Star Wars Battlefront 2: Did EA’s Corporate Greed Ruin a Perfect Game?

Alex Volkerijk, Writer

Star Wars Battlefront 2, the video game developed by Dice and published by EA games, is the subject of much controversy. The franchise of games was originally made in the early 2000s for Playstation 2 and the first Xbox, and has been adored for many years. With Disney acquiring Lucasfilm in 2012, Disney licensed the rights to all Star Wars video games to the controversial video game company Electronic Arts. Their first Battlefront game in 2015 received very mixed reviews, and many fans were hoping for the perfect successor to the beloved franchise.

Battlefront 2 has been highly anticipated by many for quite some time now. Promising to improve upon the mistakes of 2015’s Battlefront in every aspect of the game, fans were very excited for the new entry to the franchise. However, Electronic Arts’s controversial business tactics have left many with a very bad taste in their mouth.

The quality of the game is up for the players to decide themselves, but no matter how it’s perceived, the game’s quality is overshadowed by a pay-to-win system of loot boxes and micro-transactions  (paying real money to unlock better in-game content faster) that cause the online multiplayer modes to become unbalanced. Many are also calling the loot boxes a system of child gambling, as children can spend real money on loot boxes that may or may not give you anything worth that real money. However, it is not officially considered gambling, because players will always receive gear from loot box purchases.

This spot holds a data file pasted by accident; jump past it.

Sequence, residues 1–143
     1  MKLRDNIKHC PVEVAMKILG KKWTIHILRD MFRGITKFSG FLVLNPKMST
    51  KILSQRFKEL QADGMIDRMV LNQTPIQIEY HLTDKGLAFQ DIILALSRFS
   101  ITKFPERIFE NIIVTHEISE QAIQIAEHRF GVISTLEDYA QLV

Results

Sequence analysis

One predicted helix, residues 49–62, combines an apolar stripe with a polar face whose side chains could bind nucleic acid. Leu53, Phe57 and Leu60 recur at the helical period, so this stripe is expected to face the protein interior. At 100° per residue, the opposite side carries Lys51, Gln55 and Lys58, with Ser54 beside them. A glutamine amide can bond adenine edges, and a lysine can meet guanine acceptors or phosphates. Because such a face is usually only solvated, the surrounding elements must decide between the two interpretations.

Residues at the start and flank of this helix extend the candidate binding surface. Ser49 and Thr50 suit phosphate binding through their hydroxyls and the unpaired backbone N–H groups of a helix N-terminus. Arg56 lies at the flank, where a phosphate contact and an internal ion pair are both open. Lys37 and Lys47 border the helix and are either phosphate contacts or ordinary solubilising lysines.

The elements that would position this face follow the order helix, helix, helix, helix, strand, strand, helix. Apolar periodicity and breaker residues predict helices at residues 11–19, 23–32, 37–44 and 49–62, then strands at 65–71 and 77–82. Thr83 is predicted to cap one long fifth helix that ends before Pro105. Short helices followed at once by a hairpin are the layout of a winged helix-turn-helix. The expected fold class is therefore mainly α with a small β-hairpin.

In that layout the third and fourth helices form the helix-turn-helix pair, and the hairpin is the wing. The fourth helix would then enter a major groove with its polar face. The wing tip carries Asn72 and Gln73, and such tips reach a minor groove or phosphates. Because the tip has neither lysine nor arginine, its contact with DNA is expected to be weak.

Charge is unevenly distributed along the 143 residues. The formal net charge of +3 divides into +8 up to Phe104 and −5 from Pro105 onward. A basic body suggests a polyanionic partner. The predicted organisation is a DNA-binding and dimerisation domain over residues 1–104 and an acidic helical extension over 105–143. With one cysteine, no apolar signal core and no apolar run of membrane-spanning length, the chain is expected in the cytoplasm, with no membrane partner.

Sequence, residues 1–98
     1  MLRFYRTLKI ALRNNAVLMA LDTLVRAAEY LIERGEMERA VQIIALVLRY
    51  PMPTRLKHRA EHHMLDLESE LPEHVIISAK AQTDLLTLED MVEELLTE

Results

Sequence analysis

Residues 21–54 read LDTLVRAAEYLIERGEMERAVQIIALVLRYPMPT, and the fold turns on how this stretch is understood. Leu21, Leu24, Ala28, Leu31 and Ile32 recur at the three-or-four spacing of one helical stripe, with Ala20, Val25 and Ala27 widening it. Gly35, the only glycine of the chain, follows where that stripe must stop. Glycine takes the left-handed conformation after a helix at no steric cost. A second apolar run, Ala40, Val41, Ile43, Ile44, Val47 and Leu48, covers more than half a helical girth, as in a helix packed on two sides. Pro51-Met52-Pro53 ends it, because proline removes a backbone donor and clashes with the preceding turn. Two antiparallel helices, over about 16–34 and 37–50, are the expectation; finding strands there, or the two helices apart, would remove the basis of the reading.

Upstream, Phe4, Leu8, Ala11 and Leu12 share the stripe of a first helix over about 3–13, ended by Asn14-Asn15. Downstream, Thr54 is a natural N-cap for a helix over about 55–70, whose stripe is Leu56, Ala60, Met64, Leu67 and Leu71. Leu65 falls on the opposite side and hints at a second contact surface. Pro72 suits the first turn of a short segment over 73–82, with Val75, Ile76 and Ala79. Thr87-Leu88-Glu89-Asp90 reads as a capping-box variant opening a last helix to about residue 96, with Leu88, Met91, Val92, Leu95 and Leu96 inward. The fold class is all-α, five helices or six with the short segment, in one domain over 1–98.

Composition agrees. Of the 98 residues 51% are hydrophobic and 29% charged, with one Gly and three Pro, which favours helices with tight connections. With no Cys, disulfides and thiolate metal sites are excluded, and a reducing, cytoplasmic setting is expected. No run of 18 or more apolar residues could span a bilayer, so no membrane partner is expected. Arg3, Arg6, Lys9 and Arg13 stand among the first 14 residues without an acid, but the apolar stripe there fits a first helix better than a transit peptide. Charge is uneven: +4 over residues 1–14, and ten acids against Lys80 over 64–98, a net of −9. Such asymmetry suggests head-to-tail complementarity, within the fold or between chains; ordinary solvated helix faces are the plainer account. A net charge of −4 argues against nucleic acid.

All of the in-game items, like upgrades for your soldiers and cosmetic items, are unlocked by randomized loot boxes. This means that the rarer and more powerful items in the game are harder to get. However, if someone were to spend real money on these, the chances of getting higher quality gear are almost guaranteed. Paying real money for the loot boxes allows the player to have an advantage in the game over players who can’t afford to pay extra for gear. This basically comes down to getting very lucky with the small amount of free loot boxes or paying for them if you want to advance in the game. As a result, players claim that the multiplayer is unbalanced in a way that pushes them to spend more money on a $60 game in order to have a fair shot at winning. 

This outraged a great deal of players. Some called for boycotts and many cancelled their orders of the game. Overall, this controversy just adds more dirt to an already not-so-clean record for EA. Some have even gone over the heads of EA and petitioned Lucasfilm and Disney to revoke EAs rights to the Star Wars franchise. With the release of a new movie and Disney’s clean and family-friendly reputation, allegations of supporting child gambling are not what they need right now. The future of the Star Wars video game franchise is now uncertain.